Historically this has been definitely not allowed along the following logic lines:
Do you derive any personal benefit from the activity/treatment? The answer has to be yes. This in itself is not a bar to being able to claim the expense but…
Can you quantify the private element of the expense as distinct from the business element of the expense? Where the expense is, say, motor expenses, then this is straight forward. But can you do this kind of apportionment with treatments? The answer has to be no – and on that basis HM RC have always blocked the claim on these grounds.
Towards the end of 2010 there was a landmark case at the Tax Tribunals. It involved a stunt man who had been injured at work. Although he could have waited for NHS treatment, he elected to pay for private surgery and rehab and then had personal training to maintain his fitness. The Tribunal decided that because of the nature of his work, the injury was directly attributable to his work and therefore, in order to be able to continue work, it was reasonable to allow the costs. Therefore the cost of surgery and rehab were deemed allowable, but the personal training was still disallowed.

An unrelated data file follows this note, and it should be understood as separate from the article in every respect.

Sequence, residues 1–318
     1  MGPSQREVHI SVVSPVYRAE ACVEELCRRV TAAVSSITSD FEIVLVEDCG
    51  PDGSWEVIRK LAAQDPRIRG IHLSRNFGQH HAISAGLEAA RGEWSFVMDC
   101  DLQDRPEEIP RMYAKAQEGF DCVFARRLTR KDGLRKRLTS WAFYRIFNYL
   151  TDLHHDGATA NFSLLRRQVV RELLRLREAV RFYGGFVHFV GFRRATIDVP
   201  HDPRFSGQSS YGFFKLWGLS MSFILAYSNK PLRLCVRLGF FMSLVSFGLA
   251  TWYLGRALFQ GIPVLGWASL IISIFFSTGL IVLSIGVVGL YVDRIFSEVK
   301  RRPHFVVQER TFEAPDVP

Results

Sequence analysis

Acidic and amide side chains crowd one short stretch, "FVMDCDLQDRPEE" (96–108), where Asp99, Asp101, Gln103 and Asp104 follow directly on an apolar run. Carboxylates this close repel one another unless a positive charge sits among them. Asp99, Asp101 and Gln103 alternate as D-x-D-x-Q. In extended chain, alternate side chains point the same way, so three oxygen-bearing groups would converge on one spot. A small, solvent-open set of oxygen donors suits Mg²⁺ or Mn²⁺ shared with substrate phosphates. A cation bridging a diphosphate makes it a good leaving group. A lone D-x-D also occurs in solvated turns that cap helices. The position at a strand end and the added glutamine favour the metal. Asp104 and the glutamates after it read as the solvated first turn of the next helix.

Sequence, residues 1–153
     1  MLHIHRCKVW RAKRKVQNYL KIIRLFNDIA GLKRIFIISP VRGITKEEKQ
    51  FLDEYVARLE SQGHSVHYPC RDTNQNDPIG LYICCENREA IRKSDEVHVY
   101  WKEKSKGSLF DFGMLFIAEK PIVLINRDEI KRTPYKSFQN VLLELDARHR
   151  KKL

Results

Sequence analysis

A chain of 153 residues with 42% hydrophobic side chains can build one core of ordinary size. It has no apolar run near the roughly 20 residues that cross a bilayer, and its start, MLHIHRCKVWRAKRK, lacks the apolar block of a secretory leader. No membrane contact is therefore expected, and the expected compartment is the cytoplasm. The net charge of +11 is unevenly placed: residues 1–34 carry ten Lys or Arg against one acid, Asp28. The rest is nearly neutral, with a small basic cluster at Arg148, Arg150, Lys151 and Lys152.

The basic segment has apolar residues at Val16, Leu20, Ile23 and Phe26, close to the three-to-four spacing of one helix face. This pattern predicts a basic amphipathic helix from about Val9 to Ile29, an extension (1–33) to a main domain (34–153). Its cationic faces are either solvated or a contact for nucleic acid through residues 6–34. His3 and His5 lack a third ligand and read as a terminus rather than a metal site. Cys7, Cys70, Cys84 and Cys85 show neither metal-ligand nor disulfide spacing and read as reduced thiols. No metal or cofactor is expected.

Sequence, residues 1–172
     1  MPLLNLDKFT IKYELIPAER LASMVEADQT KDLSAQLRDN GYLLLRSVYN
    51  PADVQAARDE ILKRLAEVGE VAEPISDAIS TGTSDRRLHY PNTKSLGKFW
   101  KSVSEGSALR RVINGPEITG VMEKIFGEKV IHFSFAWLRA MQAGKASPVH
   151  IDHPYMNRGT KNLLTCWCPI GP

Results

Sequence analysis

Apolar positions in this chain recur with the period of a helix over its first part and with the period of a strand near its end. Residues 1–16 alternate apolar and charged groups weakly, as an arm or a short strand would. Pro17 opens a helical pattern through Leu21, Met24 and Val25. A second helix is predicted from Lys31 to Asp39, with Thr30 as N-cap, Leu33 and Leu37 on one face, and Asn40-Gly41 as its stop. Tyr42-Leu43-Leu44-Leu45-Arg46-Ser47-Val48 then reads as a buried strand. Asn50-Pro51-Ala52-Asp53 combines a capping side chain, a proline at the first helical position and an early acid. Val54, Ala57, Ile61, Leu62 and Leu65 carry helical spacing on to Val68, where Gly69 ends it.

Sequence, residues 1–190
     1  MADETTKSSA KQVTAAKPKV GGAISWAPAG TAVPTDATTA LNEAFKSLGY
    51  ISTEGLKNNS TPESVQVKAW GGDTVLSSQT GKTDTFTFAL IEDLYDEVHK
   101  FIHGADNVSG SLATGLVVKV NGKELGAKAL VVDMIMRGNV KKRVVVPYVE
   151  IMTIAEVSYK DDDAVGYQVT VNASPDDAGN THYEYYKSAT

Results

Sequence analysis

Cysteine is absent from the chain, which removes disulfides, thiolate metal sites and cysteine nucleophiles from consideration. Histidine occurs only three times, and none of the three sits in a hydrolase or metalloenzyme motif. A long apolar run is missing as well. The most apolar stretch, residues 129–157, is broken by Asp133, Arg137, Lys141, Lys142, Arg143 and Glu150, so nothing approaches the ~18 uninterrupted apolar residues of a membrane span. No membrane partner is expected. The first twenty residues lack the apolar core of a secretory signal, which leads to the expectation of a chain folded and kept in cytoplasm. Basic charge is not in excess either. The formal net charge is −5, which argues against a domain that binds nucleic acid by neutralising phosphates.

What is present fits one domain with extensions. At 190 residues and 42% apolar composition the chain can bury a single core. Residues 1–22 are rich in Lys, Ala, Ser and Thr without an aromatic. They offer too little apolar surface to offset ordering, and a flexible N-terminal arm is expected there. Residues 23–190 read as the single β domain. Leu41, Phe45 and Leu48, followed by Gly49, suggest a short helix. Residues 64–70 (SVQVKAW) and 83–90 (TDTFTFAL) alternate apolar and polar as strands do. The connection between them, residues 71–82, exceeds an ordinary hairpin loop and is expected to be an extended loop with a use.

So, we can now argue that as a result of the special nature of your work, your body is being ‘damaged’ and requires ‘remedial treatment’ – all of which would now be allowable. So make sure you keep adequate records to be able to justify and make the claim.
I would draw the line between occasional treatments and regular sessions/classes. So, for example, I am still of the view that weekly yoga classes would not be allowable, but a treatment every 3-4 weeks would be ok, especially if you have an underlying condition that is being aggravated by your work.